Based on your comment, though, I still think the original answer was answering a different question. I don’t know for sure but it seems to me that people who buy books based on cover quotes are more likely to be casual/impulse buyers.

Personally, I’ve seen a few books with cover quotes from review blogs, and even as someone who blogs and reads numerous blogs, I didn’t recognise most of them. I guess my feeling is that those quotes are targeted to print buyers, and people who are making buying decisions based on what they see in print. When buying online it doesn’t matter that much because buying decisions are made AFTER reading the review.

Um, am I making sense???

(As an example, I was talking to around 10 other readers last month and a couple of them had never heard of the Smart Bitches. To me, that just seems bizarre, but there you go. And one of those readers is a heavy book buyer (thinking of converting 2 empty bedrooms into libraries–OMG, I’m jealous!). She visits just one blog and it’s an author-run blog.)

katiebabs May 22, 2009 at 15:26

When I reviewed for AAR, some there were obsessed with getting a quote in a book they reviewed, so much so they couldn’t understand why lesser known sites were placed in a book and not AAR.
Honestly, I don’t think a review quote in a book or a quote from an author will sell more books for an author.

Kieran May 22, 2009 at 15:29

I think what bothers me about the whole thing is the implication that buzz via social media has no appreciable impact on sales – basically, that online reviews and blogs don’t make or break books. Lots of people have mentioned that, but I think it’s offensive because romance readers are generally better networked and are more involved in their niche than, say, literary fiction readers.

To dismiss a tool that gives readers some degree of control over their relationship with the publisher is to say that Avon wants to maintain a very static author-publisher-reader relationship. As pointed out above, Avon PR knows this will not fly; it’s only the editors (and only those two) who think that their readership is important only at the register.

Sarah May 22, 2009 at 16:14

@Kat I can imagine that author quotes still hold more weight with customers. For now. With more and more people discovering online review sites, I suspect that could change in the very near future. I got the impression from the Avon interview that they are firmly rooted in what’s worked for them in the past and don’t seem to have a strategy for adapting to a changing market.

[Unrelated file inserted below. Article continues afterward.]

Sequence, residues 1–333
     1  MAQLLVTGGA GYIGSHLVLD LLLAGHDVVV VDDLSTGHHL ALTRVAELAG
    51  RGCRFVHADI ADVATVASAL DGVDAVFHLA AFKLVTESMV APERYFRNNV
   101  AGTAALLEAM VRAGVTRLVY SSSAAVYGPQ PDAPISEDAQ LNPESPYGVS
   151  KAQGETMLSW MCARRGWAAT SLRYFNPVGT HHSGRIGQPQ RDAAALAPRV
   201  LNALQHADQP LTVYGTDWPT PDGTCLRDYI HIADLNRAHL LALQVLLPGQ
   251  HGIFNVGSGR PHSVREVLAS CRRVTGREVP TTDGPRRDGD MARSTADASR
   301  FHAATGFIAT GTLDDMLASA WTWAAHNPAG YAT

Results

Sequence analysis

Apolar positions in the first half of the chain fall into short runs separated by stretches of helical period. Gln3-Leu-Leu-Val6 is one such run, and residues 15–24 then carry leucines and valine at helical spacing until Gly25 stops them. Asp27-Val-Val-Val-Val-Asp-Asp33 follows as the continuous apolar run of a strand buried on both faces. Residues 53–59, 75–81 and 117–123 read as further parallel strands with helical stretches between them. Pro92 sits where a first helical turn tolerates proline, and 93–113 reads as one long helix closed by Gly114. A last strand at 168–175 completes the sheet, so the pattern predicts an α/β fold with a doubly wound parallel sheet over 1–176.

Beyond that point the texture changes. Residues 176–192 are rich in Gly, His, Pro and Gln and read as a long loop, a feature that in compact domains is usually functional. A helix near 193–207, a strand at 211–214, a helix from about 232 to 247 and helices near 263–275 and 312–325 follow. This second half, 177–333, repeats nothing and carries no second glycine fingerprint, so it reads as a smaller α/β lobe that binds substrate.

@Katiebabs While I visit AAR regularly and admire what they’ve achieved, their reviews hold no more weight for me than those of review blogs or other sites. In other words, I wouldn’t buy a book solely on the basis of a cover quote from AAR.

@Kieran Yes, that bugs me, too. While it’s probably impossible to quantify the exact effect of online buzz on sales, I’m sure there must be one. I’d love to know if the authors featured in DA-SBTB’s ‘Save the Contemporary’ campaign noticed a difference. I know I bought all the books they’ve featured so far.

Kat May 22, 2009 at 17:09

@katiebabs
I disagree to an extent. I think a quote from an author with a very loyal fan base can be a boost for a book in a similar genre or with a similar style.

@Sarah
I didn’t get that impression, and that’s why my opinion is slightly different from yours. I think they were trying to be honest about their view of the current market, but they could have done it with a lot more tact.

Sarah May 22, 2009 at 18:11

@Kat On the issue of tact (or lack thereof) we are in complete agreement! I’d say there are a few sore heads at Avon today.

katiebabs May 22, 2009 at 18:21

Kat :@katiebabsI disagree to an extent. I think a quote from an author with a very loyal fan base can be a boost for a book in a similar genre or with a similar style.

I guess it can be personal preference. I would really love to see the statistics on how well a book sales based on a quite from an author.

Sarah May 22, 2009 at 19:28

@katiebabs I’d also love to see those statistics. But how would they get them? It’s probably all guesswork. I’d love to know how Avon are so sure that their ‘casual’ customers didn’t hear about their books online before purchasing them at Walmart. While it’s impossible to prove that they did hear about them online, it’s equally impossible to prove that they didn’t.

Common sense would dictate that pursuing potential readers online is the way of the future. Avon seem firmly rooted in the past. If that works for them, great, but reports in ‘Publishers Weekly’ would indicate otherwise.

Kat May 23, 2009 at 03:31

@Sarah There are ways to find the information through surveys, market research, etc. Much the same as how Harlequin could possibly know that Billionaire Sheikhs sell. I’m not saying Avon HAS the data. I’m just saying it’s possible to make some reasonable conclusions about marketing strategies.

On tact, I wish the AAR reviewer had pressed more. I mean, if most people are going to come away and rip the answers apart–and surely that could’ve been foreseen–I think the interviewer should have made more of an effort to clarify and challenge Avon’s answers.

@katiebabs Might be worth asking some authors (quoted and quotees).

{ 1 trackback }

Previous post:

Next post: